Meet the Team – Anne Contreras

Anne Contreras talks about the state of social enterprise law in Luxembourg, her personal career and what the future holds

By ESELA Posted 13/07/2016

Anne Contreras is a board member of ESELA and Of Counsel at Arendt & Medernach. Click here for her full profile. 

  1. What kind of social enterprise legal work do you do?   

Arendt & Medernach has structured a specific pool of competences that is exclusively dedicated to social impact finance. Our professional involvement essentially relates to the structuring of investment structures dedicated to social impact finance: regulated investment funds, securitization vehicles, unregulated structures and other tools such as social impact bonds or crowdfunding structures, which are set-up with the aim of directing adequate financing towards social enterprises. Luxembourg has a very important track record in the investment fund and financing tools structuring, which permits to address social enterprises needs, especially when it comes to public-private partnerships and interaction between philanthropy and investments.

  1. Describe one aspect of social enterprise law in your country which works well and one aspect which needs to change

Hybrid financing which is of essence for social enterprises, through layered investment funds involving private and public investors with different expectations and risk/return appetite, is something that we have been able in Luxembourg to structure for many years now and which works well for social enterprises, wherever they are located. In the social impact sector, Luxembourg based investment funds represent more than 66% of assets under management.

One aspect which is in the process of being enhanced is the creation in Luxembourg of a dedicated legal framework for social impact enterprises. A bill of law has been deposited with the Parliament, which creates such framework and permits to take into account the specifics of social enterprises established under the form of commercial companies.

  1. What do you think the future holds for social enterprise law in Luxembourg?

There is a strong commitment in Luxembourg towards social enterprises, from many players i.e. the government, the NGO sector, business angels, the financial sector including regulators. A number of initiatives do exist which are working on a continued basis, in order to make of Luxembourg an international hub for social impact finance, both at the level of social enterprises and of their financing tools. Thanks especially to its leading position in the investment funds industry, Luxembourg has a lot of expertise to share with the social enterprises and investors in this sector.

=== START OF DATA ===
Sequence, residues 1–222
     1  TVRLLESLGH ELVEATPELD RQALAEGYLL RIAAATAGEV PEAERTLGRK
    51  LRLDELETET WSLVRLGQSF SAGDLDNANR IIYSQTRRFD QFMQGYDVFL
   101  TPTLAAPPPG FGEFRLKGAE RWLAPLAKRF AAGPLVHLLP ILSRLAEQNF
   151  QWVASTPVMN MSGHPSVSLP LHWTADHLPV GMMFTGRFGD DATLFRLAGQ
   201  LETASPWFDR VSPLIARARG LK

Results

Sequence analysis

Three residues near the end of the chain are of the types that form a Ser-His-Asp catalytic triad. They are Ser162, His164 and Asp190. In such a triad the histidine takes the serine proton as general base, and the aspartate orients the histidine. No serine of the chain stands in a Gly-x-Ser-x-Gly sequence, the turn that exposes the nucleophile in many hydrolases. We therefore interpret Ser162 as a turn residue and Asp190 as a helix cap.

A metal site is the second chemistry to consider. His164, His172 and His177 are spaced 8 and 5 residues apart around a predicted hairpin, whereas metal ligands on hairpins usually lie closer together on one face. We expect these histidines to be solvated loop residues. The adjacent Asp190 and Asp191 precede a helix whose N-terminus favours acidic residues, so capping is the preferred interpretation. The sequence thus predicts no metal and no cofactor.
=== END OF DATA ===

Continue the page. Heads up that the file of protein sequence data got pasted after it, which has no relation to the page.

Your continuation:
1. How long have you been working in social enterprise law?

Arendt & Medernach’s involvement dates back to the late 80’ where we have had the chance to help structuring the first microfinance fund in Luxembourg with BlueOrchard. Since then, we developed our expertise in the broader field of social impact finance, including

  1. Why did you decide to specialise in social enterprise law?

It is not merely a specialization but a full dedication! The reasons of this choice are multiple: strong belief in the potentials of social impact finance, pleasure to work with people having a social mind-set, being convinced that the social impact sector needs a very high level of legal skills and expertise, not necessarily on a pro-bono basis, but certainly on a financially adapted basis.

  1. Describe an interaction or encounter with a social enterprise that inspired you.

The Luxembourg government has launched a few year ago the “1,2,3 Go Social” initiative, which accompanies initiators of social enterprises projects. Each year, a number of such projects are awarded, which are of great inspiration to us and show that there are in Luxembourg a lot of great ideas out there.

Among these projects, I personally have been particularly enthusiastic about two initiatives:

  • TERRA, which is the first Community Supported Agriculture in Luxembourg, bringing producers and consumers together in the creation of resilient local food systems that work with, rather than against, nature.
  • OUNI, which is the first packaging-free organic grocery store in Luxembourg,
  1. If you could describe social enterprise law in one word, what would it be? 

Exciting !…or Challenging ! you may choose

  1. What advice do you have for social enterprise legal practitioners in Europe?

My advice would be to join forces and share knowledge – within ESELA – so that the social enterprise sector can benefit either locally or at EU level from an enhanced, adapted and efficient legal framework it eagerly needs in order to develop.


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